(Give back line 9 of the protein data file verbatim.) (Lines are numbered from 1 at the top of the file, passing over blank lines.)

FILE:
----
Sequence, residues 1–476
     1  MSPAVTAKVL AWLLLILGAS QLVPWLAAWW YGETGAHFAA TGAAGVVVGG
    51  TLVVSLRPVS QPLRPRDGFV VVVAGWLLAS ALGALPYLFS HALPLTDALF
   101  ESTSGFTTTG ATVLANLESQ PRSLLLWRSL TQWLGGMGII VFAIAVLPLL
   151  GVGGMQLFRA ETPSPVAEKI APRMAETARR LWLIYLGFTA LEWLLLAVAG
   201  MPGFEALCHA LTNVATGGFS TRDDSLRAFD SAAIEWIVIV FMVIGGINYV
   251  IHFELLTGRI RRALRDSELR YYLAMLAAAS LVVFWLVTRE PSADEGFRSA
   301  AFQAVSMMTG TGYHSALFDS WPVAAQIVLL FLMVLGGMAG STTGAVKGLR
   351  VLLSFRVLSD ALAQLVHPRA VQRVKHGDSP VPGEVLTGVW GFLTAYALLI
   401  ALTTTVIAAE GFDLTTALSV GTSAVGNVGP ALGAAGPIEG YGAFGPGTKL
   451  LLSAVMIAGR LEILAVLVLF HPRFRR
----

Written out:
   351  VLLSFRVLSD ALAQLVHPRA VQRVKHGDSP VPGEVLTGVW GFLTAYALLI